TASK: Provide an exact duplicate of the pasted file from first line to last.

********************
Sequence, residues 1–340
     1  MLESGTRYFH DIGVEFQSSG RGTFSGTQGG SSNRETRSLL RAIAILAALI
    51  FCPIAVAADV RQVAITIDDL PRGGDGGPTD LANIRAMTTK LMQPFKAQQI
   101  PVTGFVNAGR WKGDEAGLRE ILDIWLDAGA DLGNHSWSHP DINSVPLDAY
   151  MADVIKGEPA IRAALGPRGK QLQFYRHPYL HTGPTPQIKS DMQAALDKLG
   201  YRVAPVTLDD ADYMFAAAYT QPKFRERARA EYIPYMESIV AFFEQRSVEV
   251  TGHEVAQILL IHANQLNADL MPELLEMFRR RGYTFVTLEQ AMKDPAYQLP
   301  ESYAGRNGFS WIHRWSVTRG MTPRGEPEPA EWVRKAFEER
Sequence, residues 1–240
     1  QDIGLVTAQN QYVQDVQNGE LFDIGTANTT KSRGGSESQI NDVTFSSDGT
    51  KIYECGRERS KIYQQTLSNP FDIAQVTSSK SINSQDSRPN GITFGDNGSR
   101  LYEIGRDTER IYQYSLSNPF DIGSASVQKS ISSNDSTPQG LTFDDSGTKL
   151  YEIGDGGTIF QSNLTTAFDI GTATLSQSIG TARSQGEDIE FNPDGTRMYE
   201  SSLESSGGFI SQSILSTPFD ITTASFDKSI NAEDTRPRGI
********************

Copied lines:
Sequence, residues 1–340
     1  MLESGTRYFH DIGVEFQSSG RGTFSGTQGG SSNRETRSLL RAIAILAALI
    51  FCPIAVAADV RQVAITIDDL PRGGDGGPTD LANIRAMTTK LMQPFKAQQI
   101  PVTGFVNAGR WKGDEAGLRE ILDIWLDAGA DLGNHSWSHP DINSVPLDAY
   151  MADVIKGEPA IRAALGPRGK QLQFYRHPYL HTGPTPQIKS DMQAALDKLG
   201  YRVAPVTLDD ADYMFAAAYT QPKFRERARA EYIPYMESIV AFFEQRSVEV
   251  TGHEVAQILL IHANQLNADL MPELLEMFRR RGYTFVTLEQ AMKDPAYQLP
   301  ESYAGRNGFS WIHRWSVTRG MTPRGEPEPA EWVRKAFEER
Sequence, residues 1–240
     1  QDIGLVTAQN QYVQDVQNGE LFDIGTANTT KSRGGSESQI NDVTFSSDGT
    51  KIYECGRERS KIYQQTLSNP FDIAQVTSSK SINSQDSRPN GITFGDNGSR
   101  LYEIGRDTER IYQYSLSNPF DIGSASVQKS ISSNDSTPQG LTFDDSGTKL
   151  YEIGDGGTIF QSNLTTAFDI GTATLSQSIG TARSQGEDIE FNPDGTRMYE
   201  SSLESSGGFI SQSILSTPFD ITTASFDKSI NAEDTRPRGI